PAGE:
I will not be intimidated to call off protests, Raila says

Azimio la Umoja Party leader, Raila Odinga in Nakuru County.

Azimio la Umoja Party leader, Raila Odinga addresses his supporters who braved the heavy rains at Mazembe grounds in Kaptembwa, Nakuru Town West on March 16, 2023. 

Photo credit: John Njoroge | Nation Media Group

Azimio la Umoja One Kenya Coalition leader Raila Odinga yesterday stormed Nakuru—part of President William Ruto’s Rift Valley stronghold—for an anti-government rally and maintained that he will not be intimidated to call off the countrywide protests slated for Monday.

Mr Odinga, who addressed a rally at the Mazembe Grounds in Nakuru City, said the planned protests would be peaceful.

While referring to his run-ins with former President Daniel Moi’s regime, Mr Odinga maintained that he will not be cowed by veiled threats from the President and other government officials.

“We cannot be intimidated by William Ruto and Rigathi Gachagua. I want to tell them that I fought for the second liberation in this country. The two cannot understand what I have gone through. I was arrested, charged in court and went to prison in 1983 but was discharged for lack of evidence. I have been fighting for democracy and was put in detention for eight years when some of them were still breastfeeding,” Mr Odinga said.

“The lion (Moi) was dreaded but we uprooted its teeth. I am ready and prepared to pay the ultimate price while fighting for the liberation of Kenya,” added Mr Odinga amid cheers from the charged crowd.

Odinga's justifications

While declaring the March 20 demonstrations the “mother of all protests” expected to bring the country to a standstill, Mr Odinga listed six reasons to justify it—refusal by President Ruto to allow the audit of the Independent Electoral and Boundaries Commission (IEBC ) servers, high cost of living after the government eliminated subsidies, nepotism in the Kenya administration, failing to consult other stakeholders in the reconstitution of IEBC, broken promises and an illegitimate government.

The rally was Mr Odinga’s first public meeting in Nakuru since losing to President Ruto in last year’s elections. 

Wiper party leader Kalonzo Musyoka maintained that Monday’s protests will be peaceful and warned foreign countries against interfering with Kenya’s affairs.

Azimio Leader Raila Odinga leading the "People's Baraza" in Nakuru Town

Azimio Leader Raila Odinga leading the "People's Baraza" in Nakuru Town on March 17, 2023.

Photo credit: Pool

“Our march will be peaceful and will not target anyone. Whoever will bring violence is not part of us. We will demonstrate until William Ruto leaves the State House,” said Mr Musyoka.

“We know they have plans to use a few of their supporters to loot shops and blame it on Azimio, but l want to tell them that we shall be very disciplined. The constitution gives us enough freedom,” added Mr Musyoka.

Both Mr Odinga and Mr Musyoka maintained that the Azimio La Umoja One Kenya Coalition won the 2022 presidential elections.

“I was with Raila Odinga in 2013 when our votes were stolen and we accepted the court’s decision. It happened in 2017, but Uhuru put the country first and brought in Raila. But for what happened in 2022 we shall not allow it,” stated Mr Musyoka.

Political pundits say Mr Odinga used yesterday’s rally in Nakuru City, to test the waters in Ruto's turfs ahead of his grand march to State House on Monday. On Friday, Mr Odinga will hold a rally in Kiambu County as he builds momentum for the protests.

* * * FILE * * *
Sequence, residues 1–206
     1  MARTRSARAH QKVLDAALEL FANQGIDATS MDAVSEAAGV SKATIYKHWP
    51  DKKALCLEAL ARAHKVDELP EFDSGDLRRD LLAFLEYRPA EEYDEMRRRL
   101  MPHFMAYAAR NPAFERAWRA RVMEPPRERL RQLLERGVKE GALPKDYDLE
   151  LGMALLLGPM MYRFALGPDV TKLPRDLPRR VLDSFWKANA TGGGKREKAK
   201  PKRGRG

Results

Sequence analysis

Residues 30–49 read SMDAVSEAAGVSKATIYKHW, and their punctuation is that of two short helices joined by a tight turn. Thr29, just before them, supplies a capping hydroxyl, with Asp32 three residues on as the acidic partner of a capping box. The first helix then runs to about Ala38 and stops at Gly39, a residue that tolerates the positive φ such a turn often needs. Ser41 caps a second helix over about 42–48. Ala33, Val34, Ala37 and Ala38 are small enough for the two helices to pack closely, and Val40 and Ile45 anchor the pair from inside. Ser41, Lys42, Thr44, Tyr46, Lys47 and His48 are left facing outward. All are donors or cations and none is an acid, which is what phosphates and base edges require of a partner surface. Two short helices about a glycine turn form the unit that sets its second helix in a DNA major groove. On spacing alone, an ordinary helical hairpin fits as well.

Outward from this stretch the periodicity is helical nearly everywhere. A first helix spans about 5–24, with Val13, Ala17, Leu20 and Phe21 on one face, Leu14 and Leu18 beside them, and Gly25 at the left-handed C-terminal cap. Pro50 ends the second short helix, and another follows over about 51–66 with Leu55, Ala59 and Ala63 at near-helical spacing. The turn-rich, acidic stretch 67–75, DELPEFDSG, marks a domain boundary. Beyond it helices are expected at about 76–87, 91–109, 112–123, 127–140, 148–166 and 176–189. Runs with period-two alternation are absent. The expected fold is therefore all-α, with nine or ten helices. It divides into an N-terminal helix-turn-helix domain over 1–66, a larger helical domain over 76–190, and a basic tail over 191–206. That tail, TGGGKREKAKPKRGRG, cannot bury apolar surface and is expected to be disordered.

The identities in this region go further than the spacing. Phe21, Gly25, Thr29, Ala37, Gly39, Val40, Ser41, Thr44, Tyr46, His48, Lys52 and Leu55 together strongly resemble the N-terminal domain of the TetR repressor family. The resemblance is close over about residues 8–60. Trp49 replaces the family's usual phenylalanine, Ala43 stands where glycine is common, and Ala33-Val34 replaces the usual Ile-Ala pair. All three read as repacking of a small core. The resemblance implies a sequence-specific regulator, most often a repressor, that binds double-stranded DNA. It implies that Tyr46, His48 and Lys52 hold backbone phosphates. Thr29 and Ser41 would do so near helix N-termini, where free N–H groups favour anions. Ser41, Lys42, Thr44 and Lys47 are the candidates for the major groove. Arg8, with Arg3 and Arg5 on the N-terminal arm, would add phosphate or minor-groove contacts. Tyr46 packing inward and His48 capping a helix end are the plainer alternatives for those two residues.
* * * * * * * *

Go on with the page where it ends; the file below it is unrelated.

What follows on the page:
At the same time, the Kenya Kwanza and Azimio lawmakers yesterday traded accusations in Parliament over the planned protests. Led by their respective leadership in both Houses, the legislators addressed separate press conferences in a span of one hour.

While the Azimio group, led by Senate Minority Leader Stewart Madzayo and his National Assembly counterpart Opiyo Wandayi, justified their decision to go to the streets on Monday, their Kenya Kwanza counterparts said the demonstrations are only meant to serve Mr Odinga’s interests.

The Azimio lawmakers said the protests aim to restore the dignity of the people who have been treated with contempt by the government.

“Kenya Kwanza has ignored the voices and cries of the people for the last six months and now the people want to assert themselves, reclaim their space and take over their country. That begins on Monday,” Mr Madzayo said.

He accused the government of deliberately failing to address the high cost of living thereby subjecting the people to a lot of pain.

“On Monday, the people will seek to show them that they may be poor and hungry but they still wield power,” Mr Madzayo said.

KK hits back

However, the Kenya Kwanza side, led by Majority Leader Kimani Ichung’wa and Majority Whip Silvanus Osoro said Mr Odinga is just trying to cover up for the previous regime’s mess. Mr Ichung’wa said issues affecting Kenyans are not canvassed in the streets but in Parliament.

On the appointment of IEBC commissioners, Mr Ichung’wa said there was no new law, Parliament only made amendments to comply with court orders to include other players.

Mr Osoro said the delegated authority is exercised either directly and challenged MPs that will be going to the streets on Monday to resign and advocate issues affecting the people directly.

Ugenya MP David Ochieng told the youth to engage in meaningful economic activities instead of participating in demonstrations.

He said no administration has ever turned around an economy within six months, adding that even if it was Mr Odinga who had won the August elections, he would not have managed to do what he is asking from the President.